Andre Ward TKO's Sergey Kovalev in light heavyweight boxing world championship

Ross Houston
June 20, 2017

Ward then back him up against the ropes and landed three left hooks to Kovalev's body, one which was a low blow that was missed by referee Tony Weeks.

Having inflicted the 34-year-old Russian's first ever defeat in a close bout in November last year, 33-year-old Ward put the result beyond doubt this time.

"But when you are facing a great fighter you have to raise your game to the next level". "I could tell he was reacting to my body shots, and I knew I had him then".

The talk in Sergey Kovalev's camp, meanwhile, was about protesting the outcome of Saturday night's fight because the referee did nothing about borderline low blows that helped bring the fight to an end in the eighth round.

Ward improved to 32-0 with 16 knockouts as he held onto three of the four major boxing belts that he snatched from Kovalev by winning the first fight in November by a slim unanimous decision.

Now, 79 years after the 1938 Louis vs. Schmelling rematch, history will record the June 17, 2017, rematch between light heavyweights Andre "SOG" Ward (31-0, 15 KOs) and Sergei "The Krusher" Kovalev (30-1-1, 26 KOs).

"I knew that this fight was going to be different", Ward said.

Kovalev said he hoped to have a third fight, but that is quite improbable, given the awful rancor between Roc Nation Sports and Kovalev promoter Main Events, not to mention that the first fight was not a commercial success and the rematch was not likely to be one either.

Ward and Kovalev have previously met, battling out on November 19 previous year.

So, with yet more controversy thrown into the pot, a whole lot of verbal swiping is surely about to begin between Kovalev and Ward supporters, and all the more so since Kovalev insisted it was in fact a low blow that had him doubled over moments before Weeks stepped in. "I've never seen somebody knocked out on a low blow until tonight, and I hope I never have to see it again". Why did Tony Weeks stop the fight? Kovalev tried to tie the American up, but Ward was relentless, slamming punches to the head and body. But the fight is going to happen, so it's time to report on what we are hopeful doesn't turn out to be the ridiculously one-sided bout most are predicting. "Not every round, but I thought I was doing very good". The match-up is fascinating; Ward exploited his speed advantage vs Kovalev, but Stevenson's quicker than Sergey.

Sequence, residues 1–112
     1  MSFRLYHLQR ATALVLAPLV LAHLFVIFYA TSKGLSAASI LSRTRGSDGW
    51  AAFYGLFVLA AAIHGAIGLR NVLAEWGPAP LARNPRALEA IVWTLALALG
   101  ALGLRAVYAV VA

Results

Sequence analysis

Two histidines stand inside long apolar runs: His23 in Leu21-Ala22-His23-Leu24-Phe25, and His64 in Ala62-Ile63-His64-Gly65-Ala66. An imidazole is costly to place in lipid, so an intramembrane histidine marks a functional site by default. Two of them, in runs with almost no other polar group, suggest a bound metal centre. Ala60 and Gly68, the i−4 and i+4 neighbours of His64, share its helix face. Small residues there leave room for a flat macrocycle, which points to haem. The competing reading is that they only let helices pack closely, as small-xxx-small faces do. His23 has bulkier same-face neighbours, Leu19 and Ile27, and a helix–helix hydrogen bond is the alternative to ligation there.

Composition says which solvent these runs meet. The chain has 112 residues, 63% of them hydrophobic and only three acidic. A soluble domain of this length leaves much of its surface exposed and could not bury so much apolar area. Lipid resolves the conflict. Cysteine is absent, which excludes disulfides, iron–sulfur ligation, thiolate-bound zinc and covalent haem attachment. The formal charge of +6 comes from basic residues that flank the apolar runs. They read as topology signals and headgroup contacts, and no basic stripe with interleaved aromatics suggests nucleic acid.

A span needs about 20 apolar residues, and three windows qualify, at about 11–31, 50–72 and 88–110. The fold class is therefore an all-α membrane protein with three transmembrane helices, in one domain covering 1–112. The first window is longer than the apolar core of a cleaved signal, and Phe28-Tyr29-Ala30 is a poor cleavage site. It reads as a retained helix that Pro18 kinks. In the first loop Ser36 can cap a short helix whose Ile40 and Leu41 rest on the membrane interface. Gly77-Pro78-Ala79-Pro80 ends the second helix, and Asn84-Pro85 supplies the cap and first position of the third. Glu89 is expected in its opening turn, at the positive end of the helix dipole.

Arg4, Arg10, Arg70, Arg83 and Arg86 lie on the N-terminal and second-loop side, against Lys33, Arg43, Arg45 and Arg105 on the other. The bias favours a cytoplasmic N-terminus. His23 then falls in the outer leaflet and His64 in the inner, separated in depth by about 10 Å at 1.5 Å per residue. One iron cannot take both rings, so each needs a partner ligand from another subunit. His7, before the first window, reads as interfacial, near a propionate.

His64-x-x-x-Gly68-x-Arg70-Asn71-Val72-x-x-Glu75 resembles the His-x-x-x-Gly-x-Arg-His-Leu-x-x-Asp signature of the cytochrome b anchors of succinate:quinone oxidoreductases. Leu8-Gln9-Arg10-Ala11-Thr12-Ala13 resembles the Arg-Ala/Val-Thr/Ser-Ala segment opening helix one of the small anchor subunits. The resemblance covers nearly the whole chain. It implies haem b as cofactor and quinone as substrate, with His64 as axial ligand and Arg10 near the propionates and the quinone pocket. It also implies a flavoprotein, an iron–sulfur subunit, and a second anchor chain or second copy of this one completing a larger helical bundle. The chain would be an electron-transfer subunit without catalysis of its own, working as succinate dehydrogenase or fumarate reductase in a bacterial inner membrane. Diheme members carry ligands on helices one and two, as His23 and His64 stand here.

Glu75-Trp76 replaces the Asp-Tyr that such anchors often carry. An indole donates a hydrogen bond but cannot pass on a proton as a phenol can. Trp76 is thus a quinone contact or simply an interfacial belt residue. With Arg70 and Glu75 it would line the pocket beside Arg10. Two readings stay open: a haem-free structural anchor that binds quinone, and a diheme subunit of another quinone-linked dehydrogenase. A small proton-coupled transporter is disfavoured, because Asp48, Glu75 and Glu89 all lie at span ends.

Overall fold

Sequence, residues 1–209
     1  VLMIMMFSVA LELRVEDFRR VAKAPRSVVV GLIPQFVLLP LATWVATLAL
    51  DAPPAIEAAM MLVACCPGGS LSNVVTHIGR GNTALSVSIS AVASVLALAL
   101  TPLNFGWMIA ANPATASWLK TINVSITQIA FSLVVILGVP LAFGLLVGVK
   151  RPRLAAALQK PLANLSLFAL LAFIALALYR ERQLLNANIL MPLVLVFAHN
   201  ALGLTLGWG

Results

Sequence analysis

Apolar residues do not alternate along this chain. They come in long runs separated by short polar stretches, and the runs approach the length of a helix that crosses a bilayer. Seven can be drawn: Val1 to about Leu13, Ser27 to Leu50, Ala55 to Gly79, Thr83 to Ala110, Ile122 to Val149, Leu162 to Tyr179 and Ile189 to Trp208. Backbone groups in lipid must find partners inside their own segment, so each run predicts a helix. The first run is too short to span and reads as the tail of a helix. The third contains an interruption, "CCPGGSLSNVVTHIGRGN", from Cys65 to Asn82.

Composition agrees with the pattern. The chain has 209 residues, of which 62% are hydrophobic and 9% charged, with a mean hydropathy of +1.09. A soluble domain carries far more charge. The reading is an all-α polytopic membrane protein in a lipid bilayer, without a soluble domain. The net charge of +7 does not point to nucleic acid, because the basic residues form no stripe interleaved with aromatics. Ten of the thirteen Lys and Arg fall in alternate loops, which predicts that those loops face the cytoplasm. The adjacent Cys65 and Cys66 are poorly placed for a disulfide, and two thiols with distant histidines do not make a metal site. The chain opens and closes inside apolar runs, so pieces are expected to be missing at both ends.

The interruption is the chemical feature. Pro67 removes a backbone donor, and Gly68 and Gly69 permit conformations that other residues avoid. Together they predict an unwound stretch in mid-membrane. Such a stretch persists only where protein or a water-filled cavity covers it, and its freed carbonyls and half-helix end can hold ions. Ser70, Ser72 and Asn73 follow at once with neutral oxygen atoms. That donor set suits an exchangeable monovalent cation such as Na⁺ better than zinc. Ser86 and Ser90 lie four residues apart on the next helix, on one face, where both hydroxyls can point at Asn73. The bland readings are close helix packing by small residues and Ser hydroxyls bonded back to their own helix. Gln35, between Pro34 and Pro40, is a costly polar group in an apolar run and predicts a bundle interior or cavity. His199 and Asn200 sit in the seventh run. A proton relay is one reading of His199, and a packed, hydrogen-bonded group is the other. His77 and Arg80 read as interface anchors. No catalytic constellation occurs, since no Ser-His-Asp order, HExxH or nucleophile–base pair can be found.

“When he cant get you out of there he fades, ” Ward said.

Indeed, the win boosted Ward to 32-0 and marked his 16th stoppage in a career that's now six months past its 12th birthday, stretching back to when he came out of the 2004 Summer Games in Athens, Greece, with the only US boxing gold medal.

But by the sixth, Ward said he could sense Kovalev was fading.

"I felt like I was up, I don't know by how many, but a championship fight really starts at the end of six rounds", Ward said. "The public and the fans wanted it, and the fight has been delivered". All three judges scored it 114-113 after a furious rally late by Ward. "Heavyweight? Hey, you have to be able to dream". With a $6.5 million payday in his bank account, Ward will look toward other challenges. "I don't feel like it affects me".

On the undercard, two-time Olympic gold medalist Guillermo Rigondeaux defeated Moises Flores with a controversial fight-ending punch at the close of the first round to retain his WBA junior featherweight title.

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